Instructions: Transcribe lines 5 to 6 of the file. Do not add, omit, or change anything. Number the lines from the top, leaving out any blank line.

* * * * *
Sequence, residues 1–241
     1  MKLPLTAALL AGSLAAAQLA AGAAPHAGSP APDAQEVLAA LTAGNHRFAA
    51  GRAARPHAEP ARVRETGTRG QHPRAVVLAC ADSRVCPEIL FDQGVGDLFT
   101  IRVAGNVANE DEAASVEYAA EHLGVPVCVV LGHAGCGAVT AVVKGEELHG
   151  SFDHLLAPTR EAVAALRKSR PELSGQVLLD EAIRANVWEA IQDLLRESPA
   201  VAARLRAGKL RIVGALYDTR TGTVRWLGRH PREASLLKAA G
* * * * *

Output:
   151  SFDHLLAPTR EAVAALRKSR PELSGQVLLD EAIRANVWEA IQDLLRESPA
   201  VAARLRAGKL RIVGALYDTR TGTVRWLGRH PREASLLKAA G